Sept. 17 (Bloomberg) -- Mongolia will take a stake in a domestic uranium venture led by France’s Areva SA and support its development, signaling the nation’s willingness to revive foreign investment, said Prime Minister Norovyn Altankhuyag.
“Through this we see that foreign investors are continuing to invest in Mongolia,” Altankhuyag said in an interview in Tokyo on Sept. 14, at the end of a four-day visit.
Mongolia will take a 34 percent share of the uranium mining unit of Areva Mongol LLC, he said, adding that this is the level of ownership under domestic law that designates a strategic deposit. Areva Mongol owns 27 uranium exploration permits in the country and is seeking to upgrade them to allow mining. It is negotiating an equity interest with state-owned MonAtom LLC, according to the Paris-based company’s website. Japan’s largest trader, Mitsubishi Corp., is also a potential investor, it said.
Mongolia’s premier is seeking to revive direct foreign investment, which shrank by 42 percent, or $1 billion, in the first half of the year, due to stricter regulation of overseas companies and the government’s dispute with Rio Tinto Group.
The London-based mining company has delayed underground development of Mongolia’s biggest investment project, the $6.6 billion Oyu Tolgoi copper field, while it negotiates financing with the government. Mongolia holds 34 percent of Oyu Tolgoi.
Coupled with slowing Chinese demand for Mongolian coal, the drop in foreign investment has damped economic growth, which slowed to 11.3 percent in the first half of this year, from 12.4 percent in 2012 and 17.5 percent in 2011. The local currency, the tugrik, has weakened 18.3 percent against the U.S. dollar this year.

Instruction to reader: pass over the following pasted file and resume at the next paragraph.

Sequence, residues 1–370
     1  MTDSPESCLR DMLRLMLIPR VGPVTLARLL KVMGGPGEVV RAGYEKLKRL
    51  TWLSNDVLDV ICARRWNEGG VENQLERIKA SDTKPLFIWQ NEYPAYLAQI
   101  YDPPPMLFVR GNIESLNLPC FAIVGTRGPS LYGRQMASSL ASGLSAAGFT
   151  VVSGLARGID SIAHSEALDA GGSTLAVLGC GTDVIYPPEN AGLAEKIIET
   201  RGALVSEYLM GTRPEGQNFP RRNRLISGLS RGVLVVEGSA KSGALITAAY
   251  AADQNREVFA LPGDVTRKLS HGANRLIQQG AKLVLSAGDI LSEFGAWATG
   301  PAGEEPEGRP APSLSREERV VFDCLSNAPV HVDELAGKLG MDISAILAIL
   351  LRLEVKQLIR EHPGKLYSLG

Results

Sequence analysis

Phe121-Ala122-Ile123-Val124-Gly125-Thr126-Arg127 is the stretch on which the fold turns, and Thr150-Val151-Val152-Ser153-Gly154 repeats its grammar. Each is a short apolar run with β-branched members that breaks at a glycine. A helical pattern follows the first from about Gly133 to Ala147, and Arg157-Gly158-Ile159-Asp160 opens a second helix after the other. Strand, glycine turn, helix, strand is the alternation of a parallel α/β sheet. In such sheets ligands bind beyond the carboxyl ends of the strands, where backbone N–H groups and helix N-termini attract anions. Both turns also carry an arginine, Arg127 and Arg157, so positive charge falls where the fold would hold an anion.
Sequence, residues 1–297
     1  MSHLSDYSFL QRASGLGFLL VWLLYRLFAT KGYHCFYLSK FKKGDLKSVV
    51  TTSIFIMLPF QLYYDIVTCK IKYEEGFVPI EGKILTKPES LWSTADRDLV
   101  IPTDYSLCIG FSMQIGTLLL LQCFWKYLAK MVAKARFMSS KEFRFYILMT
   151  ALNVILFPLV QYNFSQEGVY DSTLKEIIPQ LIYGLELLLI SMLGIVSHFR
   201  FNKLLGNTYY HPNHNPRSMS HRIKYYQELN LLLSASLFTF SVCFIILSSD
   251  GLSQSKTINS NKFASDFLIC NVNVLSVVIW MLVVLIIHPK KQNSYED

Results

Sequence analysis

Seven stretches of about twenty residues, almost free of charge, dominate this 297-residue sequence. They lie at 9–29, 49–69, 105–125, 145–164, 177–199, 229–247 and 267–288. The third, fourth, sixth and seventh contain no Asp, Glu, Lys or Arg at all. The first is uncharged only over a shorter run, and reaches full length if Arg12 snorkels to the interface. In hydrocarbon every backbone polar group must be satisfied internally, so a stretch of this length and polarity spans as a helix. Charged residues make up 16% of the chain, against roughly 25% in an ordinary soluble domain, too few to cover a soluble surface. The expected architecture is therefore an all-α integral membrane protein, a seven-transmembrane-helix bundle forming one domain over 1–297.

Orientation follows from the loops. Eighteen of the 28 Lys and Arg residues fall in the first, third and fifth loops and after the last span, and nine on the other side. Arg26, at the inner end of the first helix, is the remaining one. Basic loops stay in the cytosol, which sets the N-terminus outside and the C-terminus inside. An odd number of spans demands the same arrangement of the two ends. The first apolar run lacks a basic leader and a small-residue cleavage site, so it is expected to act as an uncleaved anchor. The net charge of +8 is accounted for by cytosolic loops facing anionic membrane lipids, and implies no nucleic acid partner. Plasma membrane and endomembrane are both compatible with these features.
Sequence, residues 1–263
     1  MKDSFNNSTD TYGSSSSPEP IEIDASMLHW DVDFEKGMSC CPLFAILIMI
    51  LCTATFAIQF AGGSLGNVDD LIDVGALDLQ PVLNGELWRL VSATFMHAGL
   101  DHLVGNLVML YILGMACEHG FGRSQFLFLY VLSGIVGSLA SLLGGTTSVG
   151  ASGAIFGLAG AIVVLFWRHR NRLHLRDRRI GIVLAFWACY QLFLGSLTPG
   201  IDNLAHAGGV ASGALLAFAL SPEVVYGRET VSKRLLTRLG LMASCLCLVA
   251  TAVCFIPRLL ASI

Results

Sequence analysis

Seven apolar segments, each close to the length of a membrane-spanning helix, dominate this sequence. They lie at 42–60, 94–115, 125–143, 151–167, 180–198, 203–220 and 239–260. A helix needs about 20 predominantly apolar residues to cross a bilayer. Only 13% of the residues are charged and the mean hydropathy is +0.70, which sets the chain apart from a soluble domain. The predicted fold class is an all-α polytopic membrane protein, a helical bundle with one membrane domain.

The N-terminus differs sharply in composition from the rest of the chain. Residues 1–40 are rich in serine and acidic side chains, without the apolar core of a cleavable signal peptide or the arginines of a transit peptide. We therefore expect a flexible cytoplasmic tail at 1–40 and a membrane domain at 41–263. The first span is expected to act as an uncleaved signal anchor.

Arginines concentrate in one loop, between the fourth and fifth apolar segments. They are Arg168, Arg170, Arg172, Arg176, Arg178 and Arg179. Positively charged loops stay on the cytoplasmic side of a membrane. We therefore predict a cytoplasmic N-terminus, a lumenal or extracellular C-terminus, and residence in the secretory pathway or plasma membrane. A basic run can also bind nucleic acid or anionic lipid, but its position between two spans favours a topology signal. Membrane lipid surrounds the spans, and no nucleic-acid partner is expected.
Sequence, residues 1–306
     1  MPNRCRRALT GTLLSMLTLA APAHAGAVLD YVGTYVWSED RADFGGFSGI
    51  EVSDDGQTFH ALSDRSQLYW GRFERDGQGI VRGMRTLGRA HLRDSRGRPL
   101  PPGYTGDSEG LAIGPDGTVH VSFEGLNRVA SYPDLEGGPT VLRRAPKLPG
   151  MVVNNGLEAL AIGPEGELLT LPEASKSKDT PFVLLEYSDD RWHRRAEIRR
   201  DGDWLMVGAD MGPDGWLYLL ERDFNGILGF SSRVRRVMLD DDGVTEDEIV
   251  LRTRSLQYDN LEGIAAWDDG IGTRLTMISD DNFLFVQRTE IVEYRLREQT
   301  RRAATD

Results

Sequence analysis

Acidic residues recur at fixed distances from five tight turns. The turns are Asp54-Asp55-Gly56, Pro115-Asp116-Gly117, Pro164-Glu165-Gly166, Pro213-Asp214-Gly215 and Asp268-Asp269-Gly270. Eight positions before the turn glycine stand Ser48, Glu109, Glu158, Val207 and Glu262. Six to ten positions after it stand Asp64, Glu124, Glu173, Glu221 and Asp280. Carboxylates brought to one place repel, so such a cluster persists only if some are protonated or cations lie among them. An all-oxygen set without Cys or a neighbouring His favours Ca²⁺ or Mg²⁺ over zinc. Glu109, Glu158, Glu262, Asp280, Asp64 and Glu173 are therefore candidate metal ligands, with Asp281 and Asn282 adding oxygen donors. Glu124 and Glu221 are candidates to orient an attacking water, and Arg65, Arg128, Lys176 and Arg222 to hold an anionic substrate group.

The “hiccups” in Mongolia’s economy are not unexpected and longer-term investors realize that the issues are par for the course in an emerging market, said Howard Lambert, chief representative of ING Groep NV in Mongolia, the first foreign lender to open an office in the country.
“Investors want stability and they want transparency,” Lambert said in an interview from Ulaanbaatar. “In emerging markets it’s rare to have all those things at the same time and for extended periods of time.”
Mongolia’s government is aware of the need to improve stability and transparency and plans to pass new laws soon to address the issues, Altankhuyag said.
Its parliament begins an extraordinary session this week to discuss five draft laws seeking to end “discrimination between foreign and domestic investors,” Mongolian Investment Banking Group LLC said Sept. 16 in a report.
Under one law, the mining, finance and communications industries would no longer be designated as sectors of strategic importance, which will make them easier to navigate for foreigners, Mongolian Investment said.
Consumer goods leasing and financing for agriculture are two industries outside of resources that have strong potential to attract foreign investor interest, ING’s Lambert said.
Areva has explored for uranium in Mongolia since 1997 and has 144 staff in the country, according to its website. MonAtom’s stake would be in Areva Mongol’s unit, Areva Mines LLC, the company that will produce the uranium.
Mitsubishi is waiting for Mongolian government approval to exercise its option on Areva Mongol shares, Japan’s biggest trading company said in an e-mailed response to questions. The approval is expected in the near future, Mitsubishi said.
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